By Tony Wittkowski | Local Government Reporter | The Times Herald
Contractors will spend the next two summers replacing 11 miles of eastbound Interstate 69 through the middle of St. Clair County.
The Michigan Department of Transportation project to rebuild I-69, from west of M-19 to east of Taylor Road will begin March 30 and continue through mid-November.
After that, Jim Petronski, MDOT transportation engineer, said eastbound traffic will be shifted onto the westbound.
“One lane of traffic in each direction will be maintained, with traffic separated by a temporary barrier,” he said. “Then we will go into a seasonal shutdown (in November) and come back in April of 2016 and work through August.”
Dan’s Excavating from Shelby Township will be completing the $47.4 million project.
Construction will include:
• Reconstructing the roadway and interchanges at M-19, Wales Center Road and Taylor Road.
• Reconstructing bridge approaches.
• Repairing seven bridges and three culverts.
• Drainage and safety improvements.
• New signs and pavement markings.
• Guardrail work.
• Intelligent transportation systems work.
The 11-mile project affects the eastbound side only. An average 14,500 vehicles use the freeway daily.
“The majority of the road work will be done this year, with bridge work scheduled to take place between April and August next year,” Petronski said. “Next year we will be redoing the Taylor Road Bridge.”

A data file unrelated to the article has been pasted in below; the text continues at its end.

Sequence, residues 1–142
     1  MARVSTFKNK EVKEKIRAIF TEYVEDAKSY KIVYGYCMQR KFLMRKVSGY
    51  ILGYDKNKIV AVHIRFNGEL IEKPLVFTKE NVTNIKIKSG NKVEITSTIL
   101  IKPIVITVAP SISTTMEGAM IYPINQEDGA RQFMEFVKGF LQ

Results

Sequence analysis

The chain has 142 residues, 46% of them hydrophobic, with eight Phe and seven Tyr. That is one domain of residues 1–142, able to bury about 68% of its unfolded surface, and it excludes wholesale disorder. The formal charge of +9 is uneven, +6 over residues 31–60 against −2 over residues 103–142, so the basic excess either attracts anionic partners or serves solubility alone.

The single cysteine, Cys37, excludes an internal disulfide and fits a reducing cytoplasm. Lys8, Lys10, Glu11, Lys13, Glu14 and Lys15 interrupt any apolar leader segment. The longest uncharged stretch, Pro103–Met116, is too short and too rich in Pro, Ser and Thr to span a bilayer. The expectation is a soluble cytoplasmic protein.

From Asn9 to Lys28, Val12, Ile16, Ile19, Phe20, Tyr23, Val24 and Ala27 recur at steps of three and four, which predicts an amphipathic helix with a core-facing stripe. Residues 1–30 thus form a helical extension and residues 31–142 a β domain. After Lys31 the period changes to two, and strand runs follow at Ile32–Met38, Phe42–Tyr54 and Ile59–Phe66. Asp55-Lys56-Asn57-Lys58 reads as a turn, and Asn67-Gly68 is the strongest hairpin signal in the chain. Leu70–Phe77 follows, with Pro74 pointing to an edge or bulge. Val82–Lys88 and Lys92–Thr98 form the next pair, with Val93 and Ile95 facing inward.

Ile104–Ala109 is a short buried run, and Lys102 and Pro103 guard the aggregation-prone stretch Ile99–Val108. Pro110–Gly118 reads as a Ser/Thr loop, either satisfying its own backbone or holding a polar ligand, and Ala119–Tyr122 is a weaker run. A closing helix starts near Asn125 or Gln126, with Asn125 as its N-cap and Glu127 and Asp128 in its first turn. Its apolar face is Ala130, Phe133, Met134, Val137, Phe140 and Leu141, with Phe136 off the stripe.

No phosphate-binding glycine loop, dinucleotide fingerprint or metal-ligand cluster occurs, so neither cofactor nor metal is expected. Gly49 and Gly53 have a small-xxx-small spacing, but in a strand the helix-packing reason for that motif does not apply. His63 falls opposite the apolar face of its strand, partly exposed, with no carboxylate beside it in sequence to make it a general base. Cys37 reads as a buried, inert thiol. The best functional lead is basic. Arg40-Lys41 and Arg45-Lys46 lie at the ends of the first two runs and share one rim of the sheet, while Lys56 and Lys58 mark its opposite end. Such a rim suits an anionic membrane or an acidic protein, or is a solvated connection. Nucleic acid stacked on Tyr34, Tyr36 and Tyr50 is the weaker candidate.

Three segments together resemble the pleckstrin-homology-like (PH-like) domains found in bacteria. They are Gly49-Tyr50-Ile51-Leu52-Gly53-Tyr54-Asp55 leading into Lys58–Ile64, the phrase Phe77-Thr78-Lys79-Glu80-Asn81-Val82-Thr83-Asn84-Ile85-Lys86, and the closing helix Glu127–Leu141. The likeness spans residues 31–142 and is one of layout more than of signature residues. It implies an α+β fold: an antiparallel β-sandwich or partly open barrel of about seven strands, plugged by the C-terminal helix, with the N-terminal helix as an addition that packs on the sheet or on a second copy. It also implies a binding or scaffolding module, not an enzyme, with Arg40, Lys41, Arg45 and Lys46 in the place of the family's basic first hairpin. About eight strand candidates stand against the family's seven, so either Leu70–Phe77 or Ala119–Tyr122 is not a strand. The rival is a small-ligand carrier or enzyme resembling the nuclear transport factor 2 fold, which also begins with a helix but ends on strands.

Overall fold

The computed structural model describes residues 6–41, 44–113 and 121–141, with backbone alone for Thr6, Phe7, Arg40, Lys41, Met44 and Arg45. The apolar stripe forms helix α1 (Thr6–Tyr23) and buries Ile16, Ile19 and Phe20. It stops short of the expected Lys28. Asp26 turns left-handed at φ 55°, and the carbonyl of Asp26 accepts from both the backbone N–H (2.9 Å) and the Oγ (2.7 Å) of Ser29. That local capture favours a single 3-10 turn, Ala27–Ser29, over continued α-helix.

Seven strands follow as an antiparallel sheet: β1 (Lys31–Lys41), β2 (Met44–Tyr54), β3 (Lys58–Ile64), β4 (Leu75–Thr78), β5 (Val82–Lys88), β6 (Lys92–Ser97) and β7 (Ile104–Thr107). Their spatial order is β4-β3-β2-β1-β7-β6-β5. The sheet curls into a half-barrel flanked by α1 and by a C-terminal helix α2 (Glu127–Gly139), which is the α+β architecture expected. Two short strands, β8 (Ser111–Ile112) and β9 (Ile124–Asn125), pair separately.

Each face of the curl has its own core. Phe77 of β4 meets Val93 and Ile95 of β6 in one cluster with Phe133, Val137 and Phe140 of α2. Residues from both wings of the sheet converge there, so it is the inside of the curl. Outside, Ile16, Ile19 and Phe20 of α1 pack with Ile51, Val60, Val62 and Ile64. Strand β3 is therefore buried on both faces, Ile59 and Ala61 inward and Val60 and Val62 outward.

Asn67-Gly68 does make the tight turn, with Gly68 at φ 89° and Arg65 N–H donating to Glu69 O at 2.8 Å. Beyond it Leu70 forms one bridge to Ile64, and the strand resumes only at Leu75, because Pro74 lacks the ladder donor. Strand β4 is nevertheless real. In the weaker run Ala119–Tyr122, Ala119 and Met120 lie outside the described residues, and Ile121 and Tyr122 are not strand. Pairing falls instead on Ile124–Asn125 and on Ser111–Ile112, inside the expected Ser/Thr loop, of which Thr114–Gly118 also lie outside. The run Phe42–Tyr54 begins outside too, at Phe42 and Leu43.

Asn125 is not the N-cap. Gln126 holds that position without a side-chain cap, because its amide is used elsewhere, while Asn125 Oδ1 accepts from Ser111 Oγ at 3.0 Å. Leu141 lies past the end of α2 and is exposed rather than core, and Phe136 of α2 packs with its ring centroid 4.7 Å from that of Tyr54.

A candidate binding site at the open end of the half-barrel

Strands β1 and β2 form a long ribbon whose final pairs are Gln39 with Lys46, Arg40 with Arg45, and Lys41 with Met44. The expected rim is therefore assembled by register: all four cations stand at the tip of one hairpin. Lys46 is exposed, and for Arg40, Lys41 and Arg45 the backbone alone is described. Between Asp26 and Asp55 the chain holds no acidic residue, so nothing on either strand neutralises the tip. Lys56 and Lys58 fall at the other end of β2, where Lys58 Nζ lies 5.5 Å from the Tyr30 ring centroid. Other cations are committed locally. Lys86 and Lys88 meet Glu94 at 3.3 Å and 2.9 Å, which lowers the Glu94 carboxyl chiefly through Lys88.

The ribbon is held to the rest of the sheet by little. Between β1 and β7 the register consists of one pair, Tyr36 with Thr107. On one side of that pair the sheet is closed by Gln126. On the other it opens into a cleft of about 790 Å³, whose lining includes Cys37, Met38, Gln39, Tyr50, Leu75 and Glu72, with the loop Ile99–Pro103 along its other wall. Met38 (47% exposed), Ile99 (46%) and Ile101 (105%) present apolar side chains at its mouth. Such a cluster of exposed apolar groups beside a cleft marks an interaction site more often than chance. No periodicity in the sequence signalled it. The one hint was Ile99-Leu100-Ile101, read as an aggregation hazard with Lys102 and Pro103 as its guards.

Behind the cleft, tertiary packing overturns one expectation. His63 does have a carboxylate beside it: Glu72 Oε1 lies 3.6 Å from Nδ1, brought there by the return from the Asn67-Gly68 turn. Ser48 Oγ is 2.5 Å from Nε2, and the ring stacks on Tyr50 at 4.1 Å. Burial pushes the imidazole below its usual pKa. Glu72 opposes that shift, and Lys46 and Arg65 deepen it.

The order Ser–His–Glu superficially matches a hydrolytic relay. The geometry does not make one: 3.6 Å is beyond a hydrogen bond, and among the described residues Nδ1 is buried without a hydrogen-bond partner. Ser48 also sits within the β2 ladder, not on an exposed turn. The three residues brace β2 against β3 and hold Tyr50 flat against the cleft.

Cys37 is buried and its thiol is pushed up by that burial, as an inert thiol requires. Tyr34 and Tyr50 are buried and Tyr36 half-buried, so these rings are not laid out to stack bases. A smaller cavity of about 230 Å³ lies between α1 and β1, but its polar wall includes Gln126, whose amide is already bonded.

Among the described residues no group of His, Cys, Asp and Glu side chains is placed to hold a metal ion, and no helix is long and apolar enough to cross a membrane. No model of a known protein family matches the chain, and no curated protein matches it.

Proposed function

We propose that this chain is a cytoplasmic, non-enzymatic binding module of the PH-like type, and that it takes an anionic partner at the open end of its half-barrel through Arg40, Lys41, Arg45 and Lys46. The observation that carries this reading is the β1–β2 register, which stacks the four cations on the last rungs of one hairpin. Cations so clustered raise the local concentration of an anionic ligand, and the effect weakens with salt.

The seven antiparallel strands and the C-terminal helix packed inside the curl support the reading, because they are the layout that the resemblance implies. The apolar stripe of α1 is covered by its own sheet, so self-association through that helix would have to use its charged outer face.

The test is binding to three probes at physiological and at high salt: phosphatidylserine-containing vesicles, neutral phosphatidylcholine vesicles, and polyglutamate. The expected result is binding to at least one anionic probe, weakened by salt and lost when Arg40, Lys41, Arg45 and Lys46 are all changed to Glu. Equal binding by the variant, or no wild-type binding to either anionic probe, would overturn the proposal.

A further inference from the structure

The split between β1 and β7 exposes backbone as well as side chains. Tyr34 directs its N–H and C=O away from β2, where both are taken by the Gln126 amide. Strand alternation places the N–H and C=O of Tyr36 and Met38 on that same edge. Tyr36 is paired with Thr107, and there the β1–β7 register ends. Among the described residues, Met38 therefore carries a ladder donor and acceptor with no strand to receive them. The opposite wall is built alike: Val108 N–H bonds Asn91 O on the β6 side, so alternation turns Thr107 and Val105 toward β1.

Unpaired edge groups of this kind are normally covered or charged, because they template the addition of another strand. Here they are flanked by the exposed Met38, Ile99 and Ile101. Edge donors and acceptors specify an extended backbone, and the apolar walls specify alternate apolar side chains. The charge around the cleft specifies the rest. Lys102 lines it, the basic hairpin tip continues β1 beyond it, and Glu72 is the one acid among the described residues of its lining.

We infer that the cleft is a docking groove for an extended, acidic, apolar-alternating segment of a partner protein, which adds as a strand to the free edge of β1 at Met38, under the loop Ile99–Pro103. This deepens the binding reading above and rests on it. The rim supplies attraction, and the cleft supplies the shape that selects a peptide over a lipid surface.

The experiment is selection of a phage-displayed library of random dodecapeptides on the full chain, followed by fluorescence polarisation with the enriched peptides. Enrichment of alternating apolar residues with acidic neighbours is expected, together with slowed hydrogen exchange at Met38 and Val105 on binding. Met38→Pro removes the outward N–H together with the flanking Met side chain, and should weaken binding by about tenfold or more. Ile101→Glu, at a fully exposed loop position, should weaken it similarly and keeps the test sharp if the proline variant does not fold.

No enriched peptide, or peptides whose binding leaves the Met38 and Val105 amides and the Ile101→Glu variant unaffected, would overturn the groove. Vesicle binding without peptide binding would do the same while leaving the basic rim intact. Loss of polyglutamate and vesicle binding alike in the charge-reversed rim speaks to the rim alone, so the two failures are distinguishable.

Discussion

“This project goes through three interchanges,” Diane Cross, MDOT spokeswoman, said. “So we are going to have temporary crossovers that will maintain M-19 and Wales Center for the majority of the project.”
The Taylor Road interchange will be closed from May 1 until September. The Wales Center Road interchange will be open until early August.
The M-19 interchange will remain open until early September. The M-19 ramps are expected to reopen to traffic in mid-October.
Victor Whitehead, a truck driver from Georgia, said maintaining access to the interchanges will only make the single-lane traffic slower.
“It messes up our ability to drive,” he said. “Our times, our deliveries, everything. It screws us completely.”
Whitehead transports anything from groceries to clothing for a Minnesota trucking company.
He said the construction will cost him time and money.
“It still shuts you down between one to five hours of trying to make money out here,” Whitehead said. “If these tires aren’t rolling, we don’t make no money. We are a dying breed out here.”
Brandon White, a truck driver form Florida, said he uses I-69 at least twice a month.
“It’s not going to help,” White said. “I deliver high-end cars to Toronto and this will definitely slow the process down.”
White said Florida gets a lot of construction too, however, the reasoning is different.
“There is a lot of construction in Florida,” he said. “The difference is in Florida, they are doing it to widen the roads and make more room. Here it’s about fixing them.”
Adam Lukas drives I-69 a few times a month when delivering car parts from Toronto to Flint.
Lukas can attest to how much material passes the U.S-Canadian border. Lukas said the drive will hamper other Canadian truck drivers when it comes to reaching Flint.
“We have to live with it, I guess,” he said. “I-69 is the main way to get to the border. Toronto traffic is bad enough on the weekends.”
(Author’s Note: This article was originally published on March 23, 2015)